granulomatous inflammatory infiltrate was observed, located in the middle and deep portion of the lamina propria, and extending until the subjacent adipose tissue. The infiltrate was composed of plenty of plasma cells, lymphocytes and histiocytes filled with amastigotes (Figure 3).
Figure 3: Histologic section of the gingival mass. Dense lymphoplasmacytic and histiocytic infiltrate, spreading through collagen bundles. A large number of Leishmania amastigotes are observed within histiocytes. H&E, x100 objective.
Figure 4: Immunohistochemical stains of the gingival mass. A large number of brown-stained Leishmania amastigotes are observed within histiocytes. Labeled streptavidin-biotin method, haematoxylin counterstain. x400 objective.
A few neutrophils were also seen. In stromal connective tissue, there was a proliferation of fibroblasts and thickening of collagen bundles in parallel fashion. At the periphery of the lesion, a dense perivascular
infiltrate of plasma cells was observed. This infiltrate occasionally presented a perineural distribution. The immunohistochemical analysis showed plenty of brown-stained Leishmania amastigotes within the histiocytes (Figure 4).
Atypical or uncommon clinical forms of canine leishmaniasis have been related by some authors. Ferreret al. (1990) reported two cases of atypical nodular forms, one in the interdigital space and the other in the right axilla. Font et al.  described four cases in which nodular lesions were present on the mucous membranes of the tongue, oral cavity, nose, penis and prepuce. The lesions were either single or multiple. Saari et al.  described a case of leishmaniasis mimicking oral neoplasm in a dog in Finland. Blavier et al.  related presence of several nodules on the tongue of a Giant Poodle and nodules on the forelimbs of a German Shepherd dog, both diagnosed with leishmaniasis. Lamothe and Poujade  described a case of ulcerativeglossitis in a dog with leishmaniasis. Parpaglia et al.  showed a case of multiple nodular lesions on the tongue, as well as ocular and cutaneous lesions. In 2012, Viegas et al.  described one more case of tongue nodules in a 3-year-old neutered female Labrador Retriever dog with leishmaniasis.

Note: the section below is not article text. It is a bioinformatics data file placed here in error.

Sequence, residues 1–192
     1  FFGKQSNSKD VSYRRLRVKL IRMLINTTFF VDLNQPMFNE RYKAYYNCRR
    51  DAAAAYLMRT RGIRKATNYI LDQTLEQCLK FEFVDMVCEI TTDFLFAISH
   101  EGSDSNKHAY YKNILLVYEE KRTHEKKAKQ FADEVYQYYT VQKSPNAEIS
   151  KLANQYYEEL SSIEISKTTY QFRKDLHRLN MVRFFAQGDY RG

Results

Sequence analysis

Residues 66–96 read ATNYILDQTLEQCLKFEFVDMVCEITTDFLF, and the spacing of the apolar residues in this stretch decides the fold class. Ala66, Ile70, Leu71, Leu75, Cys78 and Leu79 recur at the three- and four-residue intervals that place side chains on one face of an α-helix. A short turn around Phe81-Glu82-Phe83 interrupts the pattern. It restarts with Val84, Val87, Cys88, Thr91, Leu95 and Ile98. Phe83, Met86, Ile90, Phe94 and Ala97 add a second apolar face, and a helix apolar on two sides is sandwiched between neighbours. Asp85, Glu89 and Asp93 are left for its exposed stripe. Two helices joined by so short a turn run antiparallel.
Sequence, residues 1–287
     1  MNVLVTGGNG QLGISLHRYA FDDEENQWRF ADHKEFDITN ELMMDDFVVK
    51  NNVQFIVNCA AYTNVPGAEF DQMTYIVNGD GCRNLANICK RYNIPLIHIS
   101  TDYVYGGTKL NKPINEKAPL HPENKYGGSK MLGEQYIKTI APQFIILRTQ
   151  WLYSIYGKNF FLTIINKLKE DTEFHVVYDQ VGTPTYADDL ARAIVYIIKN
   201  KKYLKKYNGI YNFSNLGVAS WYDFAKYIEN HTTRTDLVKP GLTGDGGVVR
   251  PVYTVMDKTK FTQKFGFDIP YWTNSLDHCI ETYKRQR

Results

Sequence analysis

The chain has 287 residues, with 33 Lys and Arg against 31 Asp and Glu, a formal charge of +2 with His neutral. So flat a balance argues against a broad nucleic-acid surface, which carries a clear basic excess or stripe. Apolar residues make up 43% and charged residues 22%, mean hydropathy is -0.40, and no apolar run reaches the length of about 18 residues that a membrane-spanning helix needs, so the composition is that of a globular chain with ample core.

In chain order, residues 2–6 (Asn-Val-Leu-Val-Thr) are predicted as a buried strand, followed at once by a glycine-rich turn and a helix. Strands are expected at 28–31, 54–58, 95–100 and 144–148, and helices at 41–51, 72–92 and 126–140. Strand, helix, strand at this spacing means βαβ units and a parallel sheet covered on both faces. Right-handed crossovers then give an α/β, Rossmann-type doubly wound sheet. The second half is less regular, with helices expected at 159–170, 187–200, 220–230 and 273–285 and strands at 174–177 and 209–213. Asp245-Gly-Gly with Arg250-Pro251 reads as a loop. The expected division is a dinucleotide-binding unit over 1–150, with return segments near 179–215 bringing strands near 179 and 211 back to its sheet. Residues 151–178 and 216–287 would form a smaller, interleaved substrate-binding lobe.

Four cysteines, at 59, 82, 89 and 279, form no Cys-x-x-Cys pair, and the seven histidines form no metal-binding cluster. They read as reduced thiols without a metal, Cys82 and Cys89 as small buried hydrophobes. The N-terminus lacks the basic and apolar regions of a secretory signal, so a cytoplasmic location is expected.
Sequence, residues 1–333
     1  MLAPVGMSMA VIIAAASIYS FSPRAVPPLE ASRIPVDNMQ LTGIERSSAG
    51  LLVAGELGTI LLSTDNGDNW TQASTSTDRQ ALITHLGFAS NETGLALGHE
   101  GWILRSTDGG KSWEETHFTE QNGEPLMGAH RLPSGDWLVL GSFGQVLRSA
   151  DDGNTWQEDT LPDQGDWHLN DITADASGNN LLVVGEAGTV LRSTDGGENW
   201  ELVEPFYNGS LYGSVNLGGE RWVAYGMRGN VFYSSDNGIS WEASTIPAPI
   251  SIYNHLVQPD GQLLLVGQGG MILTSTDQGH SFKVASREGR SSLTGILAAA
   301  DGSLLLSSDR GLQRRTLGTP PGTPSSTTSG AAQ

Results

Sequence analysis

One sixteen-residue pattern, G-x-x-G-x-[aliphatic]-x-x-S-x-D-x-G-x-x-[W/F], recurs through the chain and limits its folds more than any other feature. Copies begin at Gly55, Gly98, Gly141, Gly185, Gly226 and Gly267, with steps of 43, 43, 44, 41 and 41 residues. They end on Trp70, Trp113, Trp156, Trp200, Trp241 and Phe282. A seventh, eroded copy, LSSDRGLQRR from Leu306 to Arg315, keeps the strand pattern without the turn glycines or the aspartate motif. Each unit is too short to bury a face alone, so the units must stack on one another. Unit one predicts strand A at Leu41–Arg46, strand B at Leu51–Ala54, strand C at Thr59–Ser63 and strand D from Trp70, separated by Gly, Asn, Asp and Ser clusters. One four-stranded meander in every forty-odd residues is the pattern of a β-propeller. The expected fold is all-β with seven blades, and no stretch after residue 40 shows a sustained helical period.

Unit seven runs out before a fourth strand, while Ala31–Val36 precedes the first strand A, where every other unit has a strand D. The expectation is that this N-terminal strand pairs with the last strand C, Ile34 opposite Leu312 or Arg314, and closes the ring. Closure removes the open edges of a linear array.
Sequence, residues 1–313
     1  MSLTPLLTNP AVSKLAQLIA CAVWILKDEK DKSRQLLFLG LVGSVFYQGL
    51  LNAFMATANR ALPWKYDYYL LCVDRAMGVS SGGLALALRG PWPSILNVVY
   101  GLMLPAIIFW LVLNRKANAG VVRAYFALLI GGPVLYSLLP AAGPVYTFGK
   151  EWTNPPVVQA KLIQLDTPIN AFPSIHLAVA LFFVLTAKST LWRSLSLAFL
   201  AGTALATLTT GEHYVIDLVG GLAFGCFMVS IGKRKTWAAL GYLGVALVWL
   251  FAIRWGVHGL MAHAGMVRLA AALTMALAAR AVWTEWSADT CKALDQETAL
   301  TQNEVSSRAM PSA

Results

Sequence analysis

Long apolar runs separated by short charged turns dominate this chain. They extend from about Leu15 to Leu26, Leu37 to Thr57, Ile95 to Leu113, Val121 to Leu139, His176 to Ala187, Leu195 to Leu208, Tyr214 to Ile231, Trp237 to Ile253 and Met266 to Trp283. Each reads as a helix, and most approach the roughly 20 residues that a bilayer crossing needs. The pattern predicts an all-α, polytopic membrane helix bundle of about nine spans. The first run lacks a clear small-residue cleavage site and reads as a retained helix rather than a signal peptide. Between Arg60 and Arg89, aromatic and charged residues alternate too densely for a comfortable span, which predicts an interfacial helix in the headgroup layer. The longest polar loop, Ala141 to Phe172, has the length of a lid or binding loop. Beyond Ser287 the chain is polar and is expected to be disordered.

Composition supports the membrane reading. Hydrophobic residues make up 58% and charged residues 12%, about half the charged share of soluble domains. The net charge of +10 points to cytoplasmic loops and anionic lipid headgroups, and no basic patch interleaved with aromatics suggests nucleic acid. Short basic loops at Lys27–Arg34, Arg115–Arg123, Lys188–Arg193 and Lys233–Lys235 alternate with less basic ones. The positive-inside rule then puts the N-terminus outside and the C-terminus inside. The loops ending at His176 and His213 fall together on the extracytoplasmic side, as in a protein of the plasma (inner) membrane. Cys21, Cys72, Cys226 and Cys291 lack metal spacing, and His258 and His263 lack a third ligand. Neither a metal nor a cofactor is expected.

In most cases, the diagnosis of visceral leishmaniasis was made by the observation of amastigotes on fine needle aspiration smears or tissue impression of the lesions, by the histopathological examination, by immunofluorescence antibody test or enzyme-linked immunosorbent assay and/or by detection of amastigotes in bone marrow or lymph nodes.
The present report describes a case of a dog that lived in an endemic area of visceral leishmaniasis and presented typical lesions of the disease, such as
localized alopecia, furfuraceous scaling, pressure points lesions, keratoconjuntivitis sicca and onycogryphosis. It was suggested that the lesion located in the right maxillary gingivawas compatible with a tumour lesion and thus a fine-needle aspiration was performed. The cytologic interpretation revealed the presence of numerous Leishmania organisms free in the preparation or within macrophages. The diagnosis of visceral leishmaniosis was confirmed by parasitological culture from the other samples (intact skin, lymph nodes, spleen and bone marrow) that isolated and identified the parasite Leishmania infantum.
The species identity of the amastigotes in the tumour-like lesion located in the right maxilla could not be established using the techniques available. However, considering the isolation of Leishmania infantumfrom all the other samples, we supposed it to be the same aetiological agent. In this case, it can be hypothesized that Leishmania infantum spread to mucous membranes of the dog, probably through haematogenous or lymphatic routes . According to some authors, it is possible that parasites directly invade the mucosa through the bites or crushing of infected phlebotomine sandfly vectors .
Since the identification of the agent at species level was not performed in the present study, it should be stated that the coinfection with other Leishmania species cannot be ruled out. Considering the occurrence